UK Sourcers News – April 2012

UK Sourcers is back with a new website!

I started UK Sourcers in 2009. I think I finally have the time to show the project the love it deserves. I have started by putting together this brand new blog. I have imported a few of the best posts from the old UK Sourcers Posterous here to keep things all in one place.

You can get regular updates about Sourcing, both finding and attracting talent online via Twitter, LinkedIn and Facebook too 🙂

Search Engine News

Google Search Changes: Symbols, Profiles, Geo Data And More – From the SourceCon blog.
Blekko’s Traffic Is Up Almost 400 Percent; Here Are The CEO’s Five Reasons Why – From Search Engine Land


We have had some great events in April.

Reconverse hosted a great event on Mobile Recruiting. Take a look the results of their mobile recruiting survey. If you’ve not thought about how mobile should fit into your candidate sourcing and attraction strategy, maybe it’s time to now. The event also inspired this blog post from James Mayes – have you ever thought about using Wi-Fi for recruitment?

Social Media In Recruitment from Web Based Recruitment, saw large numbers gather for the fourth year in a row. Lots of past attendees were back to tell how they had implemented the use of Social Media within their teams and businesses. I’d recommend following all the speakers on Twitter.

The FIRM hosted another great event, this time focused on Cost Effective Resourcing. They have also announced a whole series of events coming up soon for In-house recruiters.

Coming up on 1st May we have Recruiting Through Social Media from Recruitment International. I will be there talking about how I used Social Media with Capgemini Consulting. You can also read more about that on my blog.

We also heard that Social Media Week will be running again in London this September. Keep an eye on #smwldn on Twitter for news as it happens.


I sometimes spot people looks for jobs or people looking to hire recruiters on Twitter. This month we have opportunities for:

A white collar construction Recruiter for @OysterPartners – See the tweet

Sourcing Across The Pond

The Current and Future State of Talent Sourcing – An in depth piece from Glen Cathey, Boolean Black Belt.
The Next SourceCon event has been announced – It will take place in Dallas in September

Cool Tools

Buffer App – A nifty tool I’m trying out for scheduling tweets after hearing so many good things about it at the Social Media In Recruitment conference. – A tool built in the UK for accessing Twitter on your mobile phone, great if you don’t have a smartphone. Read more about what Dabr is from one of its creators, James Whatley.
Maddle – Recommended at Social Media In Recruitment this week for getting your careers site mobile friendly very fast. Find out more about this Netherland’s based startup in this video from the guys at mRecruitingcamp.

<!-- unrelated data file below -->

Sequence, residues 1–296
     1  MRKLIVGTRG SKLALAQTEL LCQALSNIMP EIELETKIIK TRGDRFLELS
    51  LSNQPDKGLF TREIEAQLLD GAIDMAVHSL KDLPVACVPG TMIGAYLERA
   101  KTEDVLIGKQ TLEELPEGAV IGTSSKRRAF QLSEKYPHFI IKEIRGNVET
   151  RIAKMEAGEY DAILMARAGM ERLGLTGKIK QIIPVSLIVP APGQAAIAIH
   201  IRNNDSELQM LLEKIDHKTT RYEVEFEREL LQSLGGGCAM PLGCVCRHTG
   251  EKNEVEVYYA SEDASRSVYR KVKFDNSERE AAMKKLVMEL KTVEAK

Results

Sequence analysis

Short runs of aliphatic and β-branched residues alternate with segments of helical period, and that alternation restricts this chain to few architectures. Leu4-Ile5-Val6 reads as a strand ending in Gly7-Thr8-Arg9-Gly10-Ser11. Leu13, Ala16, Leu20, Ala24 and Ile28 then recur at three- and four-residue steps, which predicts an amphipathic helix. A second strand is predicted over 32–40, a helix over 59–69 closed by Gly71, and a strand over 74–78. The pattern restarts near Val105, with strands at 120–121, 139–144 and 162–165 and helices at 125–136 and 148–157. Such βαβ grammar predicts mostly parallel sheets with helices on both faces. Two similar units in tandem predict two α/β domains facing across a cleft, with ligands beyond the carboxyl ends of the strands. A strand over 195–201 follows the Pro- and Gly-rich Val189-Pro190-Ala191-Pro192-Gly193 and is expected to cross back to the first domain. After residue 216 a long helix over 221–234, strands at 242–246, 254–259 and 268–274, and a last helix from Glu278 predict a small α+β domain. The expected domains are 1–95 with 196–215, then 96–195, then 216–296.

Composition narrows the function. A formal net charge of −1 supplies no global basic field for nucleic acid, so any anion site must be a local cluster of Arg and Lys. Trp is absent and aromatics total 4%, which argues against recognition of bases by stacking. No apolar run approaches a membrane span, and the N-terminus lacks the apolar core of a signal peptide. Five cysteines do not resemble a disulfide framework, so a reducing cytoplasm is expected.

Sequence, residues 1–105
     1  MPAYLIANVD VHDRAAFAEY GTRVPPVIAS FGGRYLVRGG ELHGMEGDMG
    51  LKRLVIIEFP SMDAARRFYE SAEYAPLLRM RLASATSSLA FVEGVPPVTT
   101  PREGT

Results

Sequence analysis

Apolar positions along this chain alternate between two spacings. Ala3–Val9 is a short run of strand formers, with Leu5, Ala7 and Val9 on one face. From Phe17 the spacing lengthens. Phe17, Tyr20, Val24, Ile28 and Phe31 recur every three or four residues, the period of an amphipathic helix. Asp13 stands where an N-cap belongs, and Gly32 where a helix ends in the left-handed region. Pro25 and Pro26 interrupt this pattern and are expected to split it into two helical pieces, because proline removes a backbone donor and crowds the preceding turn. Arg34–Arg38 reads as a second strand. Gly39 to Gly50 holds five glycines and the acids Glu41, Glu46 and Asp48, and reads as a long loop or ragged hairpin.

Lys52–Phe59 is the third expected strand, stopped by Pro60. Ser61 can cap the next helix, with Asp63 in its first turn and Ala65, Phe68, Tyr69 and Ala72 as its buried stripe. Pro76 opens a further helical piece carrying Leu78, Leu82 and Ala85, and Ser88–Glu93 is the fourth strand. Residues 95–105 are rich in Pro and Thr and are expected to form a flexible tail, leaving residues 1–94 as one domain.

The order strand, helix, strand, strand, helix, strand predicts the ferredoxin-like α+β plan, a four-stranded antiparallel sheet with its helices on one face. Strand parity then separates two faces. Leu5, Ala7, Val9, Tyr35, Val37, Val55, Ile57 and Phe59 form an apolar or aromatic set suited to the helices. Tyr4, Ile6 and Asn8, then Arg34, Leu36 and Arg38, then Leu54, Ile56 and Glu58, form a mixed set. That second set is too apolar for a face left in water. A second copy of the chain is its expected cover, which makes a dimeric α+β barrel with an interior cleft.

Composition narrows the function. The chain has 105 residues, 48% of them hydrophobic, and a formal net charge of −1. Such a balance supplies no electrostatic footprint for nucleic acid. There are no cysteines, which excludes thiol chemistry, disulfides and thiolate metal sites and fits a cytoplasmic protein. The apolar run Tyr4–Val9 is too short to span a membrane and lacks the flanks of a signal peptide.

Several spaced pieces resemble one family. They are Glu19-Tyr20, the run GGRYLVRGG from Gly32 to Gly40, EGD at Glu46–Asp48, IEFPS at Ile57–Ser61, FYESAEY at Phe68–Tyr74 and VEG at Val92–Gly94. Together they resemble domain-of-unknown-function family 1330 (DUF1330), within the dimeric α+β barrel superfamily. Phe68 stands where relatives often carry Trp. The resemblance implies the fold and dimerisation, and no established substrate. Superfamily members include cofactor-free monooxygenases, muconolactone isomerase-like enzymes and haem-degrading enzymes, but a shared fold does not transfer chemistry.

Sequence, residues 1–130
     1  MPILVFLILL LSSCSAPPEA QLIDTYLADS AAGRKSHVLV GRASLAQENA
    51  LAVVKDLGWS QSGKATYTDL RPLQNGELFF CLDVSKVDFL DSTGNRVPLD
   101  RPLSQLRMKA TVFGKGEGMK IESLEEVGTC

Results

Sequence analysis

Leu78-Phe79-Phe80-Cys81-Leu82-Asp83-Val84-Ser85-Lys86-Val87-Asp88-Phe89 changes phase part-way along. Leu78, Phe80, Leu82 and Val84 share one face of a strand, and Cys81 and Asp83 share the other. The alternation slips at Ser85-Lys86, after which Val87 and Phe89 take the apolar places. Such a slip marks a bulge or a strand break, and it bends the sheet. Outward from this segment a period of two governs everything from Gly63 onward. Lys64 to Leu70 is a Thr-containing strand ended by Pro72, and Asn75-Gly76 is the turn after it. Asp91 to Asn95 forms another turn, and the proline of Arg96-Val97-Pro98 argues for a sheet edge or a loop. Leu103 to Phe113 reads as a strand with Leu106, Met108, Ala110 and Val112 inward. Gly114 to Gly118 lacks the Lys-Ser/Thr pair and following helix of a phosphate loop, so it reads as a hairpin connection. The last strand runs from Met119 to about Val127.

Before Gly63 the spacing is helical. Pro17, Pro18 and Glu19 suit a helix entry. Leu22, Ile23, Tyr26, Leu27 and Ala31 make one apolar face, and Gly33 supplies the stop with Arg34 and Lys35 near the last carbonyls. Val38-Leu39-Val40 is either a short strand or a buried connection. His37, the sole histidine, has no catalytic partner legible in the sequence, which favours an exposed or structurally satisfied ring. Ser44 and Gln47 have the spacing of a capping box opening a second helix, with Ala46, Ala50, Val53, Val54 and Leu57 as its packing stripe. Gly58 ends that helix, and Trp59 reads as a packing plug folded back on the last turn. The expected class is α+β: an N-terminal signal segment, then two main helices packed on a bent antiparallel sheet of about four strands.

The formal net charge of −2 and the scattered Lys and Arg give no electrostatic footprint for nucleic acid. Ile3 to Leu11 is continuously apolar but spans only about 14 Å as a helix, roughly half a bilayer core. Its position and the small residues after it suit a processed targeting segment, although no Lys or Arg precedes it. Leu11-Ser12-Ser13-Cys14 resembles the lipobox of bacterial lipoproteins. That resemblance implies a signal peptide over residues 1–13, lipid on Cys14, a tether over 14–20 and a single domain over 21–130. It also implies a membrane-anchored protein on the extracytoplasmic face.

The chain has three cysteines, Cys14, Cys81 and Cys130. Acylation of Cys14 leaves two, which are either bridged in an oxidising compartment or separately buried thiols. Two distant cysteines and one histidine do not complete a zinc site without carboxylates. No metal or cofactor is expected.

I hope you found this news roundup useful – if you have anything you’d like me to include in future, do let me know.

What Makes Wikipedia A Great Sourcing Tool?

Wikipedia Birthday party in Cologne, Germany

Wikipedia went live on 15th January 2001, so has just turned 10 years old – Happy Birthday!

In honour of this, I thought I would put together a list of why it’s part of my sourcing and recruitment tool kit.

As part of your quest to find the best possible talent, Wikipedia allows you to;

Get an overview of an industry

Working in a new sector all of a sudden, need to get up to speed quickly? Wikipedia is perfect for this.

Learn the jargon

An article can quickly introduce you to a lot of buzz words surrounding a topic and often help you get an idea of what they mean. Perfect when you’re looking for keywords to aid your search or you need to ask intelligent questions of recruiters and hiring managers.

Get an overview of a job function

Never searched for a Business Development Manager before? Pop on over to Wikipedia and learn what it’s all about before you start your search.

Find lists

What would be useful, a list of NHS Trusts or a list of Social Networks? Wikipedia has got it all. It might not be perfectly accurate or up to date, but a list on Wikipedia is often a good enough start for a thorough search or investigation.

Discover links

Wikipedia recommends that contributors site the sources of the information contained in its articles. These are often great sites for further investigation.

Understand the technology

Recruiting for an expert in Fancy Widget design? No idea what a Fancy Widget does? Nip over to Wikipedia and learn the difference between a vertical axis wind turbine and a horizontal axis wind turbine – it might be import to the skills you’re looking for.

See who’s editing the pages?

I have never actually done this but it stands to reason that someone editing a page on a topic might have some kind of expertise or experience in that field… have you ever tried to source a candidate from Wikipedia?

I would recommend that Wikipedia be used as an introduction to a topic. It would be remiss of me not to remind you that it’s best to be careful and not blindly take articles at face value.

For more information on the history of Wikipedia, Verne G. Kopytoff writes about 10 Years of Edit-It-Yourself on the New York Times Internet blog and Todd Wasserman asks whether the free encyclopaedia will last for another decade on Mashable.